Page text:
Sunday, September 24, 2006


Wedgies and Chisels and Gramils

Lesson #1 about cutting the binding channel on your guitar:
Do not cut out the tail wedge until after you've cut the binding and purfling channels... Now that I've cut a wedge, I don't have the sides in place to act as a guide for cutting the binding. I'm still figuring out the best way to scribe a line, and chisel right up to it while keeping the edge of the channel sharp. So the wedge is quite a bit wider than originally intended. But I'm not afraid to post mistakes here, I'm still learning all this stuff.

On to the binding.

I'm using a tool called a gramil to scribe a line around the perimeter of the guitar to mark where I'll be cutting out for the binding and purfling around the edge. It has a little sharp blade and I can set it for the width of my binding. Most people do this with a router and a guide bearing, so this is sort of the antiquated way of doing it, but it's a skill I want to learn.

Here's a gramil, purchased from LMI.

And here I am scribing to mark the edge of the binding channel. I use a pulling motion as that seems to allow much better control than trying to push it through the wood. I start with a light cut and then go over it a few more times to deepen and define the mark.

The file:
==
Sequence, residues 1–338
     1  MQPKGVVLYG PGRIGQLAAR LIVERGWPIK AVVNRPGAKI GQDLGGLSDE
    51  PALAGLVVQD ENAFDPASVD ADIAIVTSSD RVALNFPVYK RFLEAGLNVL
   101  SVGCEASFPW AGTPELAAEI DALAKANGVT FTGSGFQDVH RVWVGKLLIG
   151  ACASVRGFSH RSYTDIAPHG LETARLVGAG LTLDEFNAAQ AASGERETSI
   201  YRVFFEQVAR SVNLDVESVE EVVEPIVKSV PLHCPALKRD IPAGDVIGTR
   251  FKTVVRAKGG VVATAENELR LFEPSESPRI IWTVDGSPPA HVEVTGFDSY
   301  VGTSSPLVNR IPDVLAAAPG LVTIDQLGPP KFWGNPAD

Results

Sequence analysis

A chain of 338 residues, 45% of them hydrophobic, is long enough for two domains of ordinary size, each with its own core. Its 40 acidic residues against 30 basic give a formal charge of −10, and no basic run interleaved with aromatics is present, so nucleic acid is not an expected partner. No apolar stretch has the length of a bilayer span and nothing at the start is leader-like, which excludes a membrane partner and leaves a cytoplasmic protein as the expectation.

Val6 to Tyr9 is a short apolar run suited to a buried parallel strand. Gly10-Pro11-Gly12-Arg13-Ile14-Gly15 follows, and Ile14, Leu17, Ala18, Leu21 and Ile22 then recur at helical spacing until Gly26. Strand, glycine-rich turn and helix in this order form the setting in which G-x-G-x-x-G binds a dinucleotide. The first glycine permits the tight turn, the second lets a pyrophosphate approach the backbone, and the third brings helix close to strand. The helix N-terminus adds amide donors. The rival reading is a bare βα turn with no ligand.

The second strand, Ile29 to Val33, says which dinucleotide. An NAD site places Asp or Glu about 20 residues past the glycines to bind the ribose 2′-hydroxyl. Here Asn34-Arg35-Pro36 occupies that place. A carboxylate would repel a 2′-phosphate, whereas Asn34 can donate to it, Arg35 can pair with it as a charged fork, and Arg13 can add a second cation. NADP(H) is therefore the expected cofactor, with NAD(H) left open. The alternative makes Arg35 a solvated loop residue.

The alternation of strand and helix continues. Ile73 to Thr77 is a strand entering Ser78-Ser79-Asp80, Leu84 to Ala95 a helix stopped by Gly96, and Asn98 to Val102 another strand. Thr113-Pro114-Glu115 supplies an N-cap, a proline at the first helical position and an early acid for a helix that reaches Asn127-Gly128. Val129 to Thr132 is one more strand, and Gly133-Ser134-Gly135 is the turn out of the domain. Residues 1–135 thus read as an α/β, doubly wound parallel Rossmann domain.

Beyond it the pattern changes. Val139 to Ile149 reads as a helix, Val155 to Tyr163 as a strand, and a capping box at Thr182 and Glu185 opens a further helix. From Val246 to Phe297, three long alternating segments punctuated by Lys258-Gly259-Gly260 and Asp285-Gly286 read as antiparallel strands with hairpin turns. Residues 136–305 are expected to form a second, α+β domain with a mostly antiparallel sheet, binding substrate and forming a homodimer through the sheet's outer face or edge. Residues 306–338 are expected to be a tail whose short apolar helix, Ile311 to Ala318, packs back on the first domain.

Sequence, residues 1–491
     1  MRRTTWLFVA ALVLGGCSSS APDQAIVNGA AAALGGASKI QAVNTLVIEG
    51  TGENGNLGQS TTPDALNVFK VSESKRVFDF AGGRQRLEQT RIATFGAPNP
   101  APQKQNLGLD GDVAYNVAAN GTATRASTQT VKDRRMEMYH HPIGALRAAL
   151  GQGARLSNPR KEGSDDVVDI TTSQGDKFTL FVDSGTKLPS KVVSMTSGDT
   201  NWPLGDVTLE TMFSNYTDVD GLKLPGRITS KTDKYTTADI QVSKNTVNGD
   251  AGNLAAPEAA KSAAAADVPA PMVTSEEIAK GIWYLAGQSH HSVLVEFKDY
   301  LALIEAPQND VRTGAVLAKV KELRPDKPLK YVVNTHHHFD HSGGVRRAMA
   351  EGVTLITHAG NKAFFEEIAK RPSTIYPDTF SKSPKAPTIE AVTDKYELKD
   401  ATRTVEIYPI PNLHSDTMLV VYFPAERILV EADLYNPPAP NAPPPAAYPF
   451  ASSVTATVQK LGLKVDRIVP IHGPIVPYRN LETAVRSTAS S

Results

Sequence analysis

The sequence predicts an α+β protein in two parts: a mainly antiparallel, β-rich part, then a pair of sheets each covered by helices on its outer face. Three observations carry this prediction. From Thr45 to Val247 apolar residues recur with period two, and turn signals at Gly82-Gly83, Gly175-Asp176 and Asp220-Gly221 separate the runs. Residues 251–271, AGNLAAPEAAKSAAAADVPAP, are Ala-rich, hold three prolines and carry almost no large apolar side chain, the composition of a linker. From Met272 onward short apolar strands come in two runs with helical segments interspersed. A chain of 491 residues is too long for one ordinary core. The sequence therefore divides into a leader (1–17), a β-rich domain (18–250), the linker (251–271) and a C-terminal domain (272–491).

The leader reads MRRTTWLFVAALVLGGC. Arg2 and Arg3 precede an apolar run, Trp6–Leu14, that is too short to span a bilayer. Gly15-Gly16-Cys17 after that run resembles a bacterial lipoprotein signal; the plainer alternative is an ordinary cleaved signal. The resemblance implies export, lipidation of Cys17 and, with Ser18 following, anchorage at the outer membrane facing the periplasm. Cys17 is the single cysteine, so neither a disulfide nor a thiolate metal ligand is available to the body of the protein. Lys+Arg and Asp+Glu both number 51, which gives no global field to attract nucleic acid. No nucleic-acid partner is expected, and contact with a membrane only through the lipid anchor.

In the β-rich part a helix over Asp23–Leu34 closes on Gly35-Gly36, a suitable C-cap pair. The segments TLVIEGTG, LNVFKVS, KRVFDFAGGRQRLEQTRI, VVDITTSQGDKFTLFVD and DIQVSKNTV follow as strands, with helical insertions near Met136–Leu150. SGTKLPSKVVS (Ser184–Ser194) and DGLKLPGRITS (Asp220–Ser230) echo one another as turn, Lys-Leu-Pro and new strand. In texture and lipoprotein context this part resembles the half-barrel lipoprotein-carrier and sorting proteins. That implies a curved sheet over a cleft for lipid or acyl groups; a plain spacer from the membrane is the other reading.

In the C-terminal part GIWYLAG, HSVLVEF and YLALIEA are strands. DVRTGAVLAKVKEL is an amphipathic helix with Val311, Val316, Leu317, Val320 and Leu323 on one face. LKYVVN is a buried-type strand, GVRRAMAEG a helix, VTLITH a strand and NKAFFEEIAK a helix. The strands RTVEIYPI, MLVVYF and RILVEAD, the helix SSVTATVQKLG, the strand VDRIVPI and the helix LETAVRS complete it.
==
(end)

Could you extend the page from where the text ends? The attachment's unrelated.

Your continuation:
And here's part of the upper bout. Up near the top where the neck will go on, I didn't make a deep enough mark, and I wasn't working with enough light, so I accidentally got a little tearout. Luckily, since this is my first attempt, I only cut the channel sized for the binding itself. The channel will actually be a little deeper along the side, and there will be a smaller stepped channel for the purfling on top, so it's okay if I don't get it perfect this go around.

Friday, September 22, 2006



Hey blogosphere, remember me?

I've got a new job now that should allow for a normal amount of free time, so I hope to be posting more often.

Here's a jig I threw together this evening. It's ugly but I think it's going to do the trick. It's a vise that I clamp onto the edge of my workbench, and it clamps a guitar body in place.

The edges that grip the guitar body are curved so that when the clamps are gently tightened, it only grips at the outer edge of the guitar body. I do need to add some insulation or something to cover the exposed steel pipe. I also need to rig up some sort of safety net so the guitar won't fall through and hit the floor if the clamps are accidentally loosened. I think a bungee cord strung between the two pipes will take care of that.

As you can see, it features the finest 2x4 construction and premium pipe clamps from Harbor Freight. I may decide to make a nicer one someday, but for now I just wanted to get it together so I can get to work.

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